MRI monitoring of immunomodulation in relapse-onset multiple sclerosis trials

Abstract

Over the past 15 years, MRI lesion activity has become the accepted surrogate primary outcome measure in proof-of-concept placebo-controlled clinical trials of new immunomodulating therapies in relapse-onset multiple sclerosis (MS). In parallel, the number of patients that are available for the placebo arm of trials has declined, and more-aggressive drugs are being developed. A critical review is warranted to ensure efficient MRI—and patient—resource utilization. Recently, an international panel reviewed the methodology for efficient use of MRI-monitored trials in relapse-onset MS. In this article, we provide up-to-date recommendations for scan acquisition, image analysis, outcome-measure definition and standards of reporting. Factors to consider for optimizing trial design, such as outcome measure selection and the unique requirements of phase II and phase III trials, including active-comparator studies, are outlined. Finally, we address safety considerations in the use of MRI in MS trials, and the safety-related responsibilities of the various parties involved in conducting such trials.

Key Points

  • Active lesions on MRI scans are accepted as a surrogate for disease activity in relapsing–remitting multiple sclerosis and as the primary outcome in proof-of-concept phase II studies of immunomodulation

  • New post-processing techniques will increase the sensitivity and accuracy of MRI to detect active lesions, and will reduce the amount of contrast material needed

  • In definitive phase III trials, clinical end points remain primary, but MRI scans provide important information about subgroup performance

  • In clinical trials evaluating new therapies with unknown or more-aggressive mechanisms of action, MRI conveys important safety information

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Acknowledgements

This work is based on a workshop of the Magnetic Resonance Imaging Network in Multiple Sclerosis (MAGNIMS) working group, co-sponsored by MAGNIMS, the US National Multiple Sclerosis Society and the Multiple Sclerosis Society of Canada, and supported by an unrestricted educational grant by Bayer-Schering Pharma. We thank A. Thompson and J. Palace for their helpful input.

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All authors contributed to researching data for the article. F. Barkhof, J. H. Simon, F. Fazekas, M. Rovaris, L. Kappos, N. de Stefano, C. H. Polman, M. P. Sormani, D. K. Li, D. H. Miller and M. Filippi made substantial contributions to discussion of the article content. F. Barkhof, J. H. Simon, F. Fazekas, M. Rovaris, N. de Stefano, J. Petkau, M. P. Sormani, D. H. Miller and M. Filippi wrote the article. F. Barkhof, J. H. Simon, F. Fazekas, M. Rovaris, N. de Stefano, J. Petkau, M. P. Sormani, D. K. Li, P. O'Connor, D. H. Miller and M. Filippi contributed to review and/or editing of the manuscript before submission.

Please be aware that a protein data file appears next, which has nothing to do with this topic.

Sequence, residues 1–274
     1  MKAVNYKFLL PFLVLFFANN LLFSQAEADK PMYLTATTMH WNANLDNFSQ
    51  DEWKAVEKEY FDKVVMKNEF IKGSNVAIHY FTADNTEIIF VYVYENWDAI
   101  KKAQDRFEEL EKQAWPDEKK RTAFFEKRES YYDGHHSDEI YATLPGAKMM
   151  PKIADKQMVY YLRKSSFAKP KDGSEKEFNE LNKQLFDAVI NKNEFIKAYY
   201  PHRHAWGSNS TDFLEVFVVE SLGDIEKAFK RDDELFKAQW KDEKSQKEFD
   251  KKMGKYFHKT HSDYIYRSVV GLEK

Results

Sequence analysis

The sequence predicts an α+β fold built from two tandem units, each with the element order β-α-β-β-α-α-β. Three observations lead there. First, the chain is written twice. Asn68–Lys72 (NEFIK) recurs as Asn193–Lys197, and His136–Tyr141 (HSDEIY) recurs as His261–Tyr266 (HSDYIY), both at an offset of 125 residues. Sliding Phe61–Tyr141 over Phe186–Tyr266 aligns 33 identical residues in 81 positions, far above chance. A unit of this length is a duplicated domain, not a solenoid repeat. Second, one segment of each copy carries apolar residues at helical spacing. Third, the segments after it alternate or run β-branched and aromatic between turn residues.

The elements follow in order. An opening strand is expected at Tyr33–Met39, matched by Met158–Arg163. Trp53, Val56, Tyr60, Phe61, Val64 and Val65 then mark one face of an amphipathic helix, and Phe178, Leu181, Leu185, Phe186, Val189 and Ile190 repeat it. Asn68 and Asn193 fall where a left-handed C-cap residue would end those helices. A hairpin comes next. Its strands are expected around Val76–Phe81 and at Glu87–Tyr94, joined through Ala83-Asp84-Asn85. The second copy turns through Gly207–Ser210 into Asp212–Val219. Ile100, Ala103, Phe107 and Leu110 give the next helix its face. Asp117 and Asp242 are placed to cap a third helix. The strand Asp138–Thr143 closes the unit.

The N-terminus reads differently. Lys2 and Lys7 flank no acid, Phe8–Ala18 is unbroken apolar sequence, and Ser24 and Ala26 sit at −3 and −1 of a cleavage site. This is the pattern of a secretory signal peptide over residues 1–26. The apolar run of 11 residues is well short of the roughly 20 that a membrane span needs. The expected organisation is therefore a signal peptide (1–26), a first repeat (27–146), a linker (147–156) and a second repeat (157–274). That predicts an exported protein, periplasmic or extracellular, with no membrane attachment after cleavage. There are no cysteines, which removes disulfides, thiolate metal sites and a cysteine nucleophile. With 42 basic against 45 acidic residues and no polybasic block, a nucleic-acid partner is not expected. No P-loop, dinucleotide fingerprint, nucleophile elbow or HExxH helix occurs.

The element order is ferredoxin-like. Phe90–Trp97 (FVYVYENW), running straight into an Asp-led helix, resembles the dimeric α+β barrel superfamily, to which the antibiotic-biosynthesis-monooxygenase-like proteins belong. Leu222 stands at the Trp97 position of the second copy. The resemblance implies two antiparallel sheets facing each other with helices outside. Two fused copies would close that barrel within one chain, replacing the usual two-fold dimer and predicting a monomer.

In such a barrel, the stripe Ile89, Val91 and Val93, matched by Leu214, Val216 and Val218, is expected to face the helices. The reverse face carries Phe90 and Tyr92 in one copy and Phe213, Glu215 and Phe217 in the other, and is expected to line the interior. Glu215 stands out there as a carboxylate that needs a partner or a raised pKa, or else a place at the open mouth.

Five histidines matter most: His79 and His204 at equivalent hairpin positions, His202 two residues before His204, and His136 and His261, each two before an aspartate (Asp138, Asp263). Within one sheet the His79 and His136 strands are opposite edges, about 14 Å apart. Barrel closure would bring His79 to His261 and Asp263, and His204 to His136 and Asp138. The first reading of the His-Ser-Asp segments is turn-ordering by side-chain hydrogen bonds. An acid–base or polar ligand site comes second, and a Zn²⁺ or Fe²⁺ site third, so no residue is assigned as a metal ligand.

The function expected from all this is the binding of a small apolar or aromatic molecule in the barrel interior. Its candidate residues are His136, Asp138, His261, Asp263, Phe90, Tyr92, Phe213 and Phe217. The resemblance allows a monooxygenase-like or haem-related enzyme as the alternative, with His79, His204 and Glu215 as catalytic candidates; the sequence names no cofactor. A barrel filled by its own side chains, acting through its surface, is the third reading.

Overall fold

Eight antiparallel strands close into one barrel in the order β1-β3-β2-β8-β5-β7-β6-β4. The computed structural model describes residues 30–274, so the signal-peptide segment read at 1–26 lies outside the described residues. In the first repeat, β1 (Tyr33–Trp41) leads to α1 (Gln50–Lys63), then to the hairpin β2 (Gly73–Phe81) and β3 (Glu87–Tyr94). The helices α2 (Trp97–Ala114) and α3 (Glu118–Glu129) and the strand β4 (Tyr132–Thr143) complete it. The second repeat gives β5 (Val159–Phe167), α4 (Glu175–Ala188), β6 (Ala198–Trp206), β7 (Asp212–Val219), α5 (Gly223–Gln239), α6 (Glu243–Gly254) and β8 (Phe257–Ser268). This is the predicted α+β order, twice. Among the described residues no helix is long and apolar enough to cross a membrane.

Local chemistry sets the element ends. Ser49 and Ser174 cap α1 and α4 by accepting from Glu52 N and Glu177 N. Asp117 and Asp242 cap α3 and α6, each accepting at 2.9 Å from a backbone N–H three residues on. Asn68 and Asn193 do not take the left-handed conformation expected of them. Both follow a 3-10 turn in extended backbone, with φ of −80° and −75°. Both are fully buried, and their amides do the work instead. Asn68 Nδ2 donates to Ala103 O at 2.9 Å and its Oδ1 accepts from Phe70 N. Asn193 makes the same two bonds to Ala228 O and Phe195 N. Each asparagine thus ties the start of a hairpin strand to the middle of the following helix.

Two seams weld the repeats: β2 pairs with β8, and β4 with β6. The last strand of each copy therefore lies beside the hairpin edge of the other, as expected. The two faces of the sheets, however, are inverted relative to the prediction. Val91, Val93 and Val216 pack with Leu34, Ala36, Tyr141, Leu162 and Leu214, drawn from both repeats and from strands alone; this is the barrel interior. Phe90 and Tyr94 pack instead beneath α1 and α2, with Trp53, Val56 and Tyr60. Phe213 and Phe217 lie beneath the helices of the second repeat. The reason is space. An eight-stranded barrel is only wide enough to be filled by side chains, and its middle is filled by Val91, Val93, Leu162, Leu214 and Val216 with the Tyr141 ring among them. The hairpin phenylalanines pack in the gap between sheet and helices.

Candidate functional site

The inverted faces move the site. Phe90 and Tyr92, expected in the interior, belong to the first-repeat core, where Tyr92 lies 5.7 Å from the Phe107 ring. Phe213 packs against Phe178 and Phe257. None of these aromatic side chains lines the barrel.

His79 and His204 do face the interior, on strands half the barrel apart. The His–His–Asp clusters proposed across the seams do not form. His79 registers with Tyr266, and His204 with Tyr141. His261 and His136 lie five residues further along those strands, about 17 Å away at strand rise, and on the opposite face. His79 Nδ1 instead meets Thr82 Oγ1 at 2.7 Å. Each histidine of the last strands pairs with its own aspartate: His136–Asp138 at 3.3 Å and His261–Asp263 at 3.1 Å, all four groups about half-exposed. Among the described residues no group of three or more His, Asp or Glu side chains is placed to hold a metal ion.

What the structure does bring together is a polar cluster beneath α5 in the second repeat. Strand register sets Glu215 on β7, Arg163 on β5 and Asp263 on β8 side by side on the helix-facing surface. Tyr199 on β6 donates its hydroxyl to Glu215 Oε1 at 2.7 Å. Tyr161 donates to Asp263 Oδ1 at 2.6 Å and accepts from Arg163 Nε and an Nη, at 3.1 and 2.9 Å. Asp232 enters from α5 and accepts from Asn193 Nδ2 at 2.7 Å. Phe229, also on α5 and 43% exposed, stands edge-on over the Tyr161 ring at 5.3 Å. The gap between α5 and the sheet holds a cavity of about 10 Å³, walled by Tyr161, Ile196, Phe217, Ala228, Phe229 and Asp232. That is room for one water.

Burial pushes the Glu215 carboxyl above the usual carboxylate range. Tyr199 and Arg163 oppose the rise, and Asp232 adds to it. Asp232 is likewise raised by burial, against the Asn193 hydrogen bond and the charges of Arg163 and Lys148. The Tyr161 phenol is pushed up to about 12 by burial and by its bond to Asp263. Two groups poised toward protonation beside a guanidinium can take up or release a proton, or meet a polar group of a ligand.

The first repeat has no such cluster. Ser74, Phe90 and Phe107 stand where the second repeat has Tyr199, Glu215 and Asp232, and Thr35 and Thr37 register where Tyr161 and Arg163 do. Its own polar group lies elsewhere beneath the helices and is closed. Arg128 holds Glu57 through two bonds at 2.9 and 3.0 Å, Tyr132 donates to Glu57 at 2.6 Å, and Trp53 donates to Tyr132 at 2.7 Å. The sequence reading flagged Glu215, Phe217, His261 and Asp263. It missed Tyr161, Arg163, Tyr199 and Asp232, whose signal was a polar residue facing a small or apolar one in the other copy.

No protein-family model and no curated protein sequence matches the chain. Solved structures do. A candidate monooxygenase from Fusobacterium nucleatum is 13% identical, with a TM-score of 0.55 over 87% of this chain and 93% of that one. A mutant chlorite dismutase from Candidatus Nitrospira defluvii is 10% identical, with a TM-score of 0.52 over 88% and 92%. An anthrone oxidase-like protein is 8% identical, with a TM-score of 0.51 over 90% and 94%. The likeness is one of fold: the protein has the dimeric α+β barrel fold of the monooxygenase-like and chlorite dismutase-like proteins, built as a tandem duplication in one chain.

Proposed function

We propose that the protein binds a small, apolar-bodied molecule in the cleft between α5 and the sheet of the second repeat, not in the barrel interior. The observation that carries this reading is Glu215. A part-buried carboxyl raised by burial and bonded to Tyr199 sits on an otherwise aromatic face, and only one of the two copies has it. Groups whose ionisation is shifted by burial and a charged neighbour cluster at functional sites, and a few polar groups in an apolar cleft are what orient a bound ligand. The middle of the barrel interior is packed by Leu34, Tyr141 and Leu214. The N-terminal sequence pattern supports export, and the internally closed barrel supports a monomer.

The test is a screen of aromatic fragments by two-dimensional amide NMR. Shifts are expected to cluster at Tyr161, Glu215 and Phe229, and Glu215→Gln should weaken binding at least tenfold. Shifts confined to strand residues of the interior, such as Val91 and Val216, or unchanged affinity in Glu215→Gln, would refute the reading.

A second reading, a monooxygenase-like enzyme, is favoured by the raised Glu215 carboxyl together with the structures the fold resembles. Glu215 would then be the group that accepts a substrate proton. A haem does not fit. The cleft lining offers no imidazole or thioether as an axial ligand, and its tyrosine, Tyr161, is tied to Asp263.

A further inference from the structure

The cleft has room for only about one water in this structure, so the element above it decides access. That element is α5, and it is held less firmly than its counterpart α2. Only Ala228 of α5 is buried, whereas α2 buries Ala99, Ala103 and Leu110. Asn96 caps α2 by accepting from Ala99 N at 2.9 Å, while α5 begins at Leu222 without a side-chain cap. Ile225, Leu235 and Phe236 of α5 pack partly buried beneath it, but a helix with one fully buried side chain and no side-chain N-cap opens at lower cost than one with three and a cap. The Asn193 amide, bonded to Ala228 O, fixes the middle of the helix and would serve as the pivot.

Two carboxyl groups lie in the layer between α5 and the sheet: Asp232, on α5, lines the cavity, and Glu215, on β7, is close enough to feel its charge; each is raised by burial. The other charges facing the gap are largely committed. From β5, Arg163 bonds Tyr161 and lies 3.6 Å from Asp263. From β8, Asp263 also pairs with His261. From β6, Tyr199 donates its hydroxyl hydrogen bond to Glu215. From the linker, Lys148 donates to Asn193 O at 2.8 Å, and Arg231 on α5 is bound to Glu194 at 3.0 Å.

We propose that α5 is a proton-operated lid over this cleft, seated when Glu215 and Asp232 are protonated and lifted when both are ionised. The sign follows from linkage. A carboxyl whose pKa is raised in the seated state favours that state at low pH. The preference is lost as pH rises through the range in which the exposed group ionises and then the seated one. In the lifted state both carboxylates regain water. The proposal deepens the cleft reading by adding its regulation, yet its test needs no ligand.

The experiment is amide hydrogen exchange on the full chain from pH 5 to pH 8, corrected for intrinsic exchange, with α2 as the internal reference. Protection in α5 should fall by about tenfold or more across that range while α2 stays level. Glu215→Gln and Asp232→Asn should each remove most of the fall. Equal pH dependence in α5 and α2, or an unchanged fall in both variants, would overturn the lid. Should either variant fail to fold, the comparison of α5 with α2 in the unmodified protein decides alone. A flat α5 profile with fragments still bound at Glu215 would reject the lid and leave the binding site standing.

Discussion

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Correspondence to Frederik Barkhof.

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Competing interests

F. Barkhof serves on scientific advisory boards for Bayer Schering Pharma, Biogen Idec, GE Healthcare, Lundbeck, Merck Serono, Novartis, Sanofi-Aventis and Synthon . He has received speaker honoraria from Novartis, Serono Symposia, and BioClinica. He serves as a consultant for Sanofi-Aventis, Roche, Novartis, Biogen Idec, Jansen Alzheimer Immunotherapy, and GE Healthcare.

J. H. Simon declares no competing interests.

F. Fazekas has served on scientific advisory boards for Biogen Idec, Merck Serono, Novartis, Teva Pharmaceutical Industries, and Sanofi-Aventis. He has received travel support from Bayer Schering Pharma and Merck Serono, and research support from Biogen Idec, Merck Serono, Sanofi-Aventis and Teva Pharmaceutical Industries.

M. Rovaris has received funding for travel from Biogen-Dompé and Teva Pharmaceutical Industries. He has received speaker honoraria from Bayer Schering Pharma, Biogen-Dompé, Sanofi-Aventis and Teva Pharmaceutical Industries.

L. Kappos has received research support through the University Hospital Basel from Acorda Therapeutics, Actelion Pharmaceuticals, Advancell, Allozyne, Barofold, Bayer HealthCare Pharmaceuticals, Bayer Schering Pharma, Bayhill, Biogen Idec, BioMarin, Boehringer Ingelheim, CSL Behring, Geneuro, Genmab, GlaxoSmithKline, Glenmark, Merck Serono, MediciNova, Novartis, Sanofi-Aventis, Santhera Pharmaceuticals, Shire, Roche, Teva Pharmaceutical Industries, UCB and Wyeth, and also from the Swiss MS Society, the Swiss National Research Foundation, European Union,as well as Gianni Rubato, and Roche and Novartis Foundations.